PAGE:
After Pulling Plug, Veoh Networks’ Dmitry Shapiro Says Litigation “Choked Off Our Oxygen”
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Los Angeles-based Shelter Capital Partners, Los Angeles media investor Gordon Crawford, former Viacom executive Jonathan Dolgen, Tom Freston’s Firefly3, Intel Capital, Goldman Sachs, Time Warner, and Adobe Systems, according to Veoh’s website.
As I previously reported, Spark Capital founder Todd Dagres said in a tweet yesterday that a relentless copyright infringement lawsuit that the Universal Music Group filed against Veoh Networks two years ago was the main killer. Universal, which Shapiro calls the largest music company in the world, argued that Veoh allowed users to illegally upload Universal’s copyrighted material to Veoh’s website. In a ruling that tossed the suit out last September, a federal judge declared that Veoh was protected from Universal’s infringement claims. By then, however, the damage was done.
There were undoubtedly other factors, most notably the dramatic downturn in the overall economy. But Shapiro says the lawsuit became Veoh Networks’ burden. The company dramatically slimmed down in the restructuring disclosed last April, chiefly to conserve its cash for legal fees.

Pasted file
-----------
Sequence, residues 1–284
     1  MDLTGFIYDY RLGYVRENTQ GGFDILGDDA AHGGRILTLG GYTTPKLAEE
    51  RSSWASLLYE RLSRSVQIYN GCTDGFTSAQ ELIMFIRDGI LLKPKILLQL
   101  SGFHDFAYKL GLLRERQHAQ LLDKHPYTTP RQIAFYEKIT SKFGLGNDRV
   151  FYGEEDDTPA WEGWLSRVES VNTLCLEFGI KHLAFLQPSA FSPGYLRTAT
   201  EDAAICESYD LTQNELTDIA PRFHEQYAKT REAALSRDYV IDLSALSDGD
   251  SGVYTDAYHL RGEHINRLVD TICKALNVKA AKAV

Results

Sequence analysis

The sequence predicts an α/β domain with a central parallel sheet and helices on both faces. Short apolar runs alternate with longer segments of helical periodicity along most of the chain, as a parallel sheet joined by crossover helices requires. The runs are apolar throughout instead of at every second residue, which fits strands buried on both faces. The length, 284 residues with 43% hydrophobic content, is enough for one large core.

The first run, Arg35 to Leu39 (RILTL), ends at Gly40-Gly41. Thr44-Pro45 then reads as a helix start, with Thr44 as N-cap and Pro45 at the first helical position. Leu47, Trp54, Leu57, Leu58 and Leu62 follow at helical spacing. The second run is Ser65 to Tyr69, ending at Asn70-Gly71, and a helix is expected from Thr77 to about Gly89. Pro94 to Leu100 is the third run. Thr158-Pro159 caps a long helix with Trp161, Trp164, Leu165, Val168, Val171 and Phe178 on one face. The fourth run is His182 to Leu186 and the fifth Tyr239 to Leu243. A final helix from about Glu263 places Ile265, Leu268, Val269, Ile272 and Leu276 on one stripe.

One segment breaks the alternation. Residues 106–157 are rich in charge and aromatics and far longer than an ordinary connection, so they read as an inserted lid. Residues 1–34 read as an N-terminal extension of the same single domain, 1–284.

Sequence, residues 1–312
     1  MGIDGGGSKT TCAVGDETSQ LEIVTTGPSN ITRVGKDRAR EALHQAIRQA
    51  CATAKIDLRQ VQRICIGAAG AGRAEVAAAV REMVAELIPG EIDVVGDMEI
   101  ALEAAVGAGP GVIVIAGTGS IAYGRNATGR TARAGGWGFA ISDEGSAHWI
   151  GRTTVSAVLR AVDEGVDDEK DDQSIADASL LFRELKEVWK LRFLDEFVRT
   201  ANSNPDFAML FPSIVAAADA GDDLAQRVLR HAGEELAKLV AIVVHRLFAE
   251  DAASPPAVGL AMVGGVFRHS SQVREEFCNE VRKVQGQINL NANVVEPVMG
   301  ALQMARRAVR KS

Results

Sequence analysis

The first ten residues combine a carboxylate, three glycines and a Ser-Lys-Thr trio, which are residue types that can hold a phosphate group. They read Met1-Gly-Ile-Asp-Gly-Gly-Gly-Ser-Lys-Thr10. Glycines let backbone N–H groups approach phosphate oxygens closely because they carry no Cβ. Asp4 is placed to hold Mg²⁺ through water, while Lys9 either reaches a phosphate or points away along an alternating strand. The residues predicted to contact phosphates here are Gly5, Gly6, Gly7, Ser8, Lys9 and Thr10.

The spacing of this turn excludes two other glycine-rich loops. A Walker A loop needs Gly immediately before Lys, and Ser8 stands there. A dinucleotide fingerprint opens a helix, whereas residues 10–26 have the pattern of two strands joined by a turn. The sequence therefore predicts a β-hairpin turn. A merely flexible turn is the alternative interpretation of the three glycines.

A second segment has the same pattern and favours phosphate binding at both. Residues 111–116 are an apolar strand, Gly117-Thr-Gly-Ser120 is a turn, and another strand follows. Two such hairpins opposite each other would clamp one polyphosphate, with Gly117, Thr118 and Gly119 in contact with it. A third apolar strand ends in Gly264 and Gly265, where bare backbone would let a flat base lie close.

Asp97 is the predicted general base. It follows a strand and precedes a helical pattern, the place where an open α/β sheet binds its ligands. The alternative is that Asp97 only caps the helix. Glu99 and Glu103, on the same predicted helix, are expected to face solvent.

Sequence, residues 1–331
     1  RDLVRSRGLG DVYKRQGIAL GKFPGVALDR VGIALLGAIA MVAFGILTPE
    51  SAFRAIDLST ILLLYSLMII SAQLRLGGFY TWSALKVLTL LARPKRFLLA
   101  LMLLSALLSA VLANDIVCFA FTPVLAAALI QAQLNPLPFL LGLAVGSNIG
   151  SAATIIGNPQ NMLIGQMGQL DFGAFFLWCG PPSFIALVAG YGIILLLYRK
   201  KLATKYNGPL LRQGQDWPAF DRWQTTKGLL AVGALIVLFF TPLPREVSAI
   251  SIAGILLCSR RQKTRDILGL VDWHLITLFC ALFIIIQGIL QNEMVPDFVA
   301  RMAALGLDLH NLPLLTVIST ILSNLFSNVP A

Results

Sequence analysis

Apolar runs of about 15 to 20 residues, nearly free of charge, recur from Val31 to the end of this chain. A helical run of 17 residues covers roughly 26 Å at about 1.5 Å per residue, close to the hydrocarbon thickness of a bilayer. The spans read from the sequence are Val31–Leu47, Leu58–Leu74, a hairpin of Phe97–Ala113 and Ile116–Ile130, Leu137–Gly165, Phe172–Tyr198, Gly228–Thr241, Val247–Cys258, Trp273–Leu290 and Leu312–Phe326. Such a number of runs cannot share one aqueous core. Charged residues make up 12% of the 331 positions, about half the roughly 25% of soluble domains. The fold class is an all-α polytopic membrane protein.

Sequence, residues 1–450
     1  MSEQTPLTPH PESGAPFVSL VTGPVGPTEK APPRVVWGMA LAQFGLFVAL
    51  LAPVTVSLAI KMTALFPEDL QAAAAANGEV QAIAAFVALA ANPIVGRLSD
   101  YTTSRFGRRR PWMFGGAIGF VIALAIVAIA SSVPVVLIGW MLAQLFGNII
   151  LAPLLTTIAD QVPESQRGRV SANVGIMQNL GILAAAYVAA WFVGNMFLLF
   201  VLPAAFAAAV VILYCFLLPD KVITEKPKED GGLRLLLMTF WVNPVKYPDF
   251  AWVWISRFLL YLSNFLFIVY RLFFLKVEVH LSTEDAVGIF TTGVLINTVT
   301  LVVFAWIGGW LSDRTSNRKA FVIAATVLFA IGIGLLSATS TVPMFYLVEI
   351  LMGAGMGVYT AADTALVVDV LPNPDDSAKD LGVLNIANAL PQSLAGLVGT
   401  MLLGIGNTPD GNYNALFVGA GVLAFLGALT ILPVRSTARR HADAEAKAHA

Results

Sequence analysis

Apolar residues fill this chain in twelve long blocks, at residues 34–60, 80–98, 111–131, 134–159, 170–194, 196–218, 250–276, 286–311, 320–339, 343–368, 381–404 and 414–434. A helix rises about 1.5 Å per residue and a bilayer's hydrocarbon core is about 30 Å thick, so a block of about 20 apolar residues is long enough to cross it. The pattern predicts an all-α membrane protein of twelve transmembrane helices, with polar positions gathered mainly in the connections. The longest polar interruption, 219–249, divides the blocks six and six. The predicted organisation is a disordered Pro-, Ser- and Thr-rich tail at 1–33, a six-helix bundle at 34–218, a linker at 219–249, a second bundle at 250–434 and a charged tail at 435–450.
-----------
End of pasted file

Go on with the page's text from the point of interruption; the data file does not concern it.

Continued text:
“At the end of the day, if I had to put my finger on one thing, it would be the UMG lawsuit,” Shapiro says. “These people choked off all or oxygen in terms of our ability to go out and raise additional capital. They not only sued [the company], but they also sued all of our investors. They had a giant legal team.”
Shapiro did not think that competition was a significant factor. Even though Veoh Networks was in market segment that included rivals like Vimeo, Dailymotion, and Joost, Shapiro says he ultimately did not view them, or even YouTube and Hulu as significant threats.
“YouTube was already a runaway hit by the time we started, which was about three months after they started,” Shapiro says. “We were complementary. We were focused … Next Page »